Genomic Precision

 A SeraCare blog focused on precision medicine and advanced clinical diagnostics

Next-Generation QC Precision Metrics for Next-Generation Sequencing

Introducing the SeraCare Confidence Score, a comprehensive precision metric designed for NGS assays

Posted by Lorn Davis on Apr 16, 2018 4:00:00 PM


There is an even greater onus to track quality control metrics for NGS assays because of the number of steps and elements that must successfully work together to produce consistent results. The Standards and Guidelines for Validating NGS Bioinformatics, published in January by AMP and CAP, highlight the importance of tracking QC metrics over time because “trends in these metrics can indicate an emerging issue with an NGS process that has not yet manifested itself in failed tests.”

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Topics: NGS assays, QC Challenges, NGS Management Software, QC Management Software, bioinformatics, Quality Management Systems, Clinical NGS Assays, qc management, confidence score, SeraCare Confidence Score

This is the Number One Risk to Your Clinical Sequencing Assay

Critical missteps during the assay development phase can cause expensive delays and risk the quality of an assay. How can you be sure your bioinformatics pipeline is correctly calling variants?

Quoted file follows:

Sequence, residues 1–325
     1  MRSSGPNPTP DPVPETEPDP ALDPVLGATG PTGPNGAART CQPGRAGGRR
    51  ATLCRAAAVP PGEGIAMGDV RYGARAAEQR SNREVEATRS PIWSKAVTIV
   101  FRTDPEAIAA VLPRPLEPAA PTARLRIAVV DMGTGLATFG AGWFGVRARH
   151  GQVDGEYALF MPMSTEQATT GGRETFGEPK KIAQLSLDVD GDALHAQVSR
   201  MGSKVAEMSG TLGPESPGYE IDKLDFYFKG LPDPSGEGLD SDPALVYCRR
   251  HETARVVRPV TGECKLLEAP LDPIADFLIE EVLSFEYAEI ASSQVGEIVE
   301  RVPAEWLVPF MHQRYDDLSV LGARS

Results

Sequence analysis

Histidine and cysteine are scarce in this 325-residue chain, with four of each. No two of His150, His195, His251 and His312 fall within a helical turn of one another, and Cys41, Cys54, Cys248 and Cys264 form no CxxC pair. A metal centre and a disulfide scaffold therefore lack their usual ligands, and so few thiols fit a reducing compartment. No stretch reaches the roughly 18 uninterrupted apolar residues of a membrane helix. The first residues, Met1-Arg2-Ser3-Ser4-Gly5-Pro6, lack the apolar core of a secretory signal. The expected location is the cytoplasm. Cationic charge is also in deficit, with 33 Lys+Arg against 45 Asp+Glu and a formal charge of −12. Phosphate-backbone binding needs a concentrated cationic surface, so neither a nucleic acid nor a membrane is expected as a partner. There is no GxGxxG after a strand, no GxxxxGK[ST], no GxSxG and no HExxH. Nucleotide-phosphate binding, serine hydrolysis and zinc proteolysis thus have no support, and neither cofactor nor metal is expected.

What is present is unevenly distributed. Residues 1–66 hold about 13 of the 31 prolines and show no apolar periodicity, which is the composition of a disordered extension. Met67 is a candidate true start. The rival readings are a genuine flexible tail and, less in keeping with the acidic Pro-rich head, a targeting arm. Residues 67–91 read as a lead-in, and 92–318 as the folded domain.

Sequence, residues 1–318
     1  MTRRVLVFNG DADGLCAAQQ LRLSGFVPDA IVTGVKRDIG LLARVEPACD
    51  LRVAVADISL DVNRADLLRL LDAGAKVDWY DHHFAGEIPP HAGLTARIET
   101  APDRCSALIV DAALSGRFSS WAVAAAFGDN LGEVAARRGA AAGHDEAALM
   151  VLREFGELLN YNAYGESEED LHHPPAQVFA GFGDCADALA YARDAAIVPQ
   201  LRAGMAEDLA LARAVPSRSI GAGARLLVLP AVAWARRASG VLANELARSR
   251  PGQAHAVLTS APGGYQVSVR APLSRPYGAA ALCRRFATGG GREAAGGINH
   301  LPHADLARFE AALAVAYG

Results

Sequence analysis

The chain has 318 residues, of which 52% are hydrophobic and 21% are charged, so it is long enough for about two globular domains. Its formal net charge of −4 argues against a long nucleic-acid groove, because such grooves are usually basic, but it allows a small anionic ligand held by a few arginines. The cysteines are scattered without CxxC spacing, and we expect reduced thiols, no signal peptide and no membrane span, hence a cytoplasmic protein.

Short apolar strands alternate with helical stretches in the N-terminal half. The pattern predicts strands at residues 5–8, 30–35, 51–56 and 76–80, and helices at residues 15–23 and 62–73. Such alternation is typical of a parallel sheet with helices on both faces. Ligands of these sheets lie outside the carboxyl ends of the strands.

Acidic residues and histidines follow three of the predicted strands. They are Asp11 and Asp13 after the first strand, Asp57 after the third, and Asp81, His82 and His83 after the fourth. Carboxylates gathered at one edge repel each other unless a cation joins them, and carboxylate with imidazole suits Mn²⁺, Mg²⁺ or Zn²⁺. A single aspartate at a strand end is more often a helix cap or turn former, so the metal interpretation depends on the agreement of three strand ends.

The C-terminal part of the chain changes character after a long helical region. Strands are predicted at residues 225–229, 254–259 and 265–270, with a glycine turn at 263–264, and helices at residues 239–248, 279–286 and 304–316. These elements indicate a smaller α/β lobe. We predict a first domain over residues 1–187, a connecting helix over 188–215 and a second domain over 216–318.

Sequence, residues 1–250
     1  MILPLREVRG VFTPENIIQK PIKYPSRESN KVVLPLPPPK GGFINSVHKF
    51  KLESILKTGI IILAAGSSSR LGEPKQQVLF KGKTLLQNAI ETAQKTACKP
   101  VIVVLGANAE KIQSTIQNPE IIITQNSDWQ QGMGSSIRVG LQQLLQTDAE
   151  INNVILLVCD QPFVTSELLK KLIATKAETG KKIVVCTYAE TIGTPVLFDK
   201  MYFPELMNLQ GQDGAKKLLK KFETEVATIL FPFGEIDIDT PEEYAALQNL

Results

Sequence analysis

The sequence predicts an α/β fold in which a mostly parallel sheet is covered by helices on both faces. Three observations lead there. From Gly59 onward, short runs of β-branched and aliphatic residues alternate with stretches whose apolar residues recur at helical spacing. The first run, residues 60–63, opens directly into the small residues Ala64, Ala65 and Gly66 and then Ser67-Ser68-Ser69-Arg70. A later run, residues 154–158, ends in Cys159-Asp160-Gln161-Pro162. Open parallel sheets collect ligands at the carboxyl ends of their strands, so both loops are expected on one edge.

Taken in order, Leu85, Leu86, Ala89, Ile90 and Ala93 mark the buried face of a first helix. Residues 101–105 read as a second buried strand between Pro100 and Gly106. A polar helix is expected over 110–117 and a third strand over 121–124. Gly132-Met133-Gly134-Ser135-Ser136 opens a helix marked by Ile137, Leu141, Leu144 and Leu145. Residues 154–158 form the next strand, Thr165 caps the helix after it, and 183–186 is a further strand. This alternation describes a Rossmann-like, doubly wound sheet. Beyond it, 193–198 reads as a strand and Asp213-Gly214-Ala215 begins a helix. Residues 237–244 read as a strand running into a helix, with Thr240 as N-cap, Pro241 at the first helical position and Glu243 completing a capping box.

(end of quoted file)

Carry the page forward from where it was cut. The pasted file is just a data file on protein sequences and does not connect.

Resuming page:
Posted by Trevor Brown on Oct 17, 2017 11:00:00 AM

If you’re relying on remnant patient samples to tell you how well your lab's bioinformatics pipeline can call clinically important variants, you might be missing more than you realize.

In our experience, the bioinformatics pipeline can be the weakest link in assay development for many labs. Just because a variant is sequenced correctly doesn’t always mean that it will be called. And false-positives are just as bad.

  • Sometimes it’s an issue of allele frequency. For example, we’ve seen cases where labs could detect certain mutations at 10% allele frequency, but as soon as the frequency dropped to 7%, they stopped detecting it.
  • Other cases are caused by the complexity of the variant. For example, even at low allele frequencies, a lab may pick up relatively easy-to-detect single-nucleotide variants (SNVs) but can have problems with insertion/deletion (INDEL) calling errors.

In both examples, the mutations aren’t missed because of sequencing or library preparation problems. As we’ve witnessed time and time again, when labs optimize their bioinformatics pipelines, they start picking up the low-frequency and difficult-to-detect variants again.

The catch is, you first have to know you’re missing something. In assay development, what you don’t know can seriously weaken your test.

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Topics: allele frequencies, next-generation sequencing, cancer profiling, bioinformatics


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